Monday, December 7, 2015

"All Lives Matter" vs "Black Lives Matter"

I was taken by the recent Trump event where a Black Lives Matter protester was roughed up. (See here.) As he was carried away, members of the crowd called out "All lives matter!" as some sort of argument against Black Lives Matter.

This refrain has been echoing across the media quite a bit, apparently without much thought. The idea of the All Lives Matter people is that Black lives shouldn't be singled out since everybody is important. The roughed up BLM protester might think their protest hypocritical.

I have my own point of view on racism in the United States. It's here. It's a problem. We have to deal with it. But that's not what caught my attention here.

The subtle shift from "Black lives matter" to "All lives matter" is a truly diabolical shift in perspective that is not being noticed enough.

First, let's consider the situation. Engineer that I am, I always go to numbers. The Guardian has provided a lovely database of statistics for a horrible collection of facts: police killing constituents. (See here.)

From this, we can determine that, so far in 2015, 775 armed people have been killed by police and 205 unarmed people have been killed by police. For the White, Black and Hispanic people, this breaks down into:

Event Total Wht Blck Hsp
armed people killed by police 775 397 185 125
unarmed people killed by police 205 91 68 32

Which works out to the following percentages:

Event % wht % blk % hsp
armed people killed by police 51.23 46.60 16.13
unarmed people killed by police 44.39 74.73 15.61

Now the population percentages of the USA for these three groups is %77.4 White, %13.2 Black and %17.4 Hispanic.

Given these percentages, we can derive expected numbers of police killings. This comes out to be:

Event Exp. Wht Exp. Blk Exp. Hsp White factor Black factor Hisp. Factor
armed people killed by police 600 102 135 0.66 1.81 0.93
unarmed people killed by police 159 27.1 35.7 0.57 2.51 0.90

Where it gets interesting is the ratio between the expected value and the actual value-- the factor column. From this, I conclude that Whites are under-represented, Blacks are over-represented and Hispanics come out pretty much on the money. The Hispanic statistics serve as a sort of control in this experiment. Black people are getting screwed.

Certainly there are other confounding factors: geography, poverty, etc. Statistics are slippery. If there is a correlation to wealth, perhaps there are enough rich Hispanics driving down the incidence of the police killings in their demographic. However, if that were the case, it would indicate that something was preferentially keeping Blacks in poverty more than Hispanics.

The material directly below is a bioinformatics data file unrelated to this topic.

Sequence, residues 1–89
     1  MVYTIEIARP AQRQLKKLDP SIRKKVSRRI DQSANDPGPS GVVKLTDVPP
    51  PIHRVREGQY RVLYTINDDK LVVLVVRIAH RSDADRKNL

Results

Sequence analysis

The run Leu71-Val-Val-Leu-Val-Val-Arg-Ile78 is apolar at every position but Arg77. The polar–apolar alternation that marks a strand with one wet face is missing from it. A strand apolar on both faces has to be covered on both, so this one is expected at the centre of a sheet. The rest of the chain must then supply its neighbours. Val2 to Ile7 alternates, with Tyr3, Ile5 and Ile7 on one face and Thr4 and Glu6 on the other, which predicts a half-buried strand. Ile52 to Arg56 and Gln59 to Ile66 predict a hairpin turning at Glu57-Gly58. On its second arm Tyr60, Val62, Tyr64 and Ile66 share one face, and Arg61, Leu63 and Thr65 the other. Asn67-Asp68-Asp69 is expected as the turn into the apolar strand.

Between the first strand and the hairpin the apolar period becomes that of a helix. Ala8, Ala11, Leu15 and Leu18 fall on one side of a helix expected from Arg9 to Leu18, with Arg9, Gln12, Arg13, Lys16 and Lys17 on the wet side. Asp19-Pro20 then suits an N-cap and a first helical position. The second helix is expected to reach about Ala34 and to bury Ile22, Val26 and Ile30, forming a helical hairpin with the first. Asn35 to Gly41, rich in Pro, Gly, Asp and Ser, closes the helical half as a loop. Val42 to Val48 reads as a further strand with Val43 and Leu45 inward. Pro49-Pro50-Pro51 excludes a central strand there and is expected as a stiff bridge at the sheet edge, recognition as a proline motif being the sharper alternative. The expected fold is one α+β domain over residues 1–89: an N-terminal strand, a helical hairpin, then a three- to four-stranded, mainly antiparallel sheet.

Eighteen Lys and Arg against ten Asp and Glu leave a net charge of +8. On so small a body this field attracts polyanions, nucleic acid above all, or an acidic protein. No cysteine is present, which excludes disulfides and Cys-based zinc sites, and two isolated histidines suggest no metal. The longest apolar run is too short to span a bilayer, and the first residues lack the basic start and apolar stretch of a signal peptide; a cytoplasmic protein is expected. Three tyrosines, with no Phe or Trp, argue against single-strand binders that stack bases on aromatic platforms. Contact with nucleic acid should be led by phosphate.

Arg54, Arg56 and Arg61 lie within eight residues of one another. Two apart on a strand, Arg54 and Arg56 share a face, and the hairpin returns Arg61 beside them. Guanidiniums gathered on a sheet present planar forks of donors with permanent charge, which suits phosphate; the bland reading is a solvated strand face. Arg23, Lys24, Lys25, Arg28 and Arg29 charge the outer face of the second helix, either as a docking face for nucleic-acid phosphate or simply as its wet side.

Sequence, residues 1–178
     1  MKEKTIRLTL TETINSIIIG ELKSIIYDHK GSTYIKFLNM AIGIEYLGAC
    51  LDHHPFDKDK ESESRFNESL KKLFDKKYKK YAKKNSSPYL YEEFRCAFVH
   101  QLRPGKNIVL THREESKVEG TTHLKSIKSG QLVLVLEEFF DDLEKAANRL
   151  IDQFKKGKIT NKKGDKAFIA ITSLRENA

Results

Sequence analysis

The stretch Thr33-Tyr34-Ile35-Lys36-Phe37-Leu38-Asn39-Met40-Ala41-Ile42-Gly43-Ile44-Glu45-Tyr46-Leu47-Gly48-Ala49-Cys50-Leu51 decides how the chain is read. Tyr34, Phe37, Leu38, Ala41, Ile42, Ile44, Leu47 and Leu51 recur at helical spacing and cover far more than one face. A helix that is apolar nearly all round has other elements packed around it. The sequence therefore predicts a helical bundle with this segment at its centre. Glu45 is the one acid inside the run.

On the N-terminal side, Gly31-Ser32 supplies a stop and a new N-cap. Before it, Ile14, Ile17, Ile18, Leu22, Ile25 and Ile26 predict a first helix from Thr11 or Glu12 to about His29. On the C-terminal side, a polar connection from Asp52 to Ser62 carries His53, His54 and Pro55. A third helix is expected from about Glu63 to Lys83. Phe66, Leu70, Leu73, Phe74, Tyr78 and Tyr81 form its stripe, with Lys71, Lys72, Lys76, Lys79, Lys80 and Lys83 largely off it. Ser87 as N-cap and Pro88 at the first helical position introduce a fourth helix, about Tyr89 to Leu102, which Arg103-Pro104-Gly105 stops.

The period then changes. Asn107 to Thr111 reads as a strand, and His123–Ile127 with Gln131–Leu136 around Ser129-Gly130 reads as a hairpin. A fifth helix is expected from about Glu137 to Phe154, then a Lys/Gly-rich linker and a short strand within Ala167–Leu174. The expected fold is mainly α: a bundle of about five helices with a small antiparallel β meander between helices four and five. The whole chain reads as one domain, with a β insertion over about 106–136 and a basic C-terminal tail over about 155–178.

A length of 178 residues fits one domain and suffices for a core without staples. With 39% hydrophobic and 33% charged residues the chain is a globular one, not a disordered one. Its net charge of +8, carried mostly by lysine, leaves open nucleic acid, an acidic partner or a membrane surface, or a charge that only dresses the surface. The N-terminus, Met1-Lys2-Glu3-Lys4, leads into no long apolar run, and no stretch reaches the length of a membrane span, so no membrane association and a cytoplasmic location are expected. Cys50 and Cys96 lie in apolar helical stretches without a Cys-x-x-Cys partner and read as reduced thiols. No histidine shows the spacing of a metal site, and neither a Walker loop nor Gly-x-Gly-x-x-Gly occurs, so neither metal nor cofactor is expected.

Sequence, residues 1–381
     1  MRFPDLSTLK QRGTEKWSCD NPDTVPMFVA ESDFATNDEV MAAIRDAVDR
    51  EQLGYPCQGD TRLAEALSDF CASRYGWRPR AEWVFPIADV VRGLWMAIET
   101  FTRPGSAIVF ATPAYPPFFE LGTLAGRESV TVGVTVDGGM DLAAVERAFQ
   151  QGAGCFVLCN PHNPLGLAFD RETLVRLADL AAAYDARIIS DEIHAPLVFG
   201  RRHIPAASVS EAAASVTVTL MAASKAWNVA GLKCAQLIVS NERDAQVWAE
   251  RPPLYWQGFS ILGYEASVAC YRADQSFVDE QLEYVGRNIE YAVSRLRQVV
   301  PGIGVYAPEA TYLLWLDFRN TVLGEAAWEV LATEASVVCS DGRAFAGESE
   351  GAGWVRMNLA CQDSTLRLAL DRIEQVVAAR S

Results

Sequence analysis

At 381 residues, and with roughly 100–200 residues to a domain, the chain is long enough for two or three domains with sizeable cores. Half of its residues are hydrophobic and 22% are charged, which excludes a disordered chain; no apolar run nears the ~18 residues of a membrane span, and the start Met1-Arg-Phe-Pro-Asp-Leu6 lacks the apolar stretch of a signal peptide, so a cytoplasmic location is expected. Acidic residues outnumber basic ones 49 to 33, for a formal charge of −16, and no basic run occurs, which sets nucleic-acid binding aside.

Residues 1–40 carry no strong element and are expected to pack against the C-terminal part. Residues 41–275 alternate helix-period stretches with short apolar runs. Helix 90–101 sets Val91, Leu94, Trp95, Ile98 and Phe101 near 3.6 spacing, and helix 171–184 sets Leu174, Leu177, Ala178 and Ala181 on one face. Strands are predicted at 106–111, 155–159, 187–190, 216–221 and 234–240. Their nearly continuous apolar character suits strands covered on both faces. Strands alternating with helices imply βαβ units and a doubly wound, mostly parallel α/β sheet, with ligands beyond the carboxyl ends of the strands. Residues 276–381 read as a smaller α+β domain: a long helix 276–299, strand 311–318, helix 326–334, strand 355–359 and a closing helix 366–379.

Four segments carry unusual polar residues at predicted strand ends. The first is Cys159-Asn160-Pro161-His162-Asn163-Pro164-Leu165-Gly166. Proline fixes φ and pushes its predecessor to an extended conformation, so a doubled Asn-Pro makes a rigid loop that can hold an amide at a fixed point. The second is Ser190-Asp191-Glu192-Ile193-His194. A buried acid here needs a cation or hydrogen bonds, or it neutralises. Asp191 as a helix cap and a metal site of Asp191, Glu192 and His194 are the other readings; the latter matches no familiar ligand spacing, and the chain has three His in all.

Which brings us back to the Trump incident in a predominately white crowd. The "Black lives matter" has an entire subtext that says: "Look, you f*$&*rs. We matter just as much as you do but you're killing us a lot more often." The "All lives matter" response denies that subtext and makes the (blatantly false) presumption that by someone saying "Black lives matter" implies that lives other than black lives are valued less.

The only rational response to that is pretty much: yes but so what? That has nothing to do with what was said. And the statistics shows pretty clearly that certain lives are valued more highly than other.

I'm very sensitive to how language is used and this is far from the most egregious example of subtly shifting the nature of the debate.

This is not the worst of this debate. Another mechanism is to bring up statistics that show Black on Black violence is far worse than police killings.

Again, the rational response: sure. Yes, non-police killings outnumber police killings. Thank God. Demographic on demographic killing outnumbers cross-demographic killings.  Does this surprise anyone?

But it has nothing to do with the problem at hand. Non-police violence cannot be compared to police violence. The police are the recognized officers of the state. They are our tax dollars and votes expressed locally. They are arbiter and authority in local disputes. Is the best argument supporting police is that they're not quite as bad a road rage?

Police should represent our best selves, not the hunkered down mentality of a soldier being fired on in a foreign land. We must make that happen.

I like how they do it in Canada with the Special Investigations Unit. The SIU is a civilian oversight agency that is called in to execute the investigation of any police circumstance involving death, serious injury or sexual assault.

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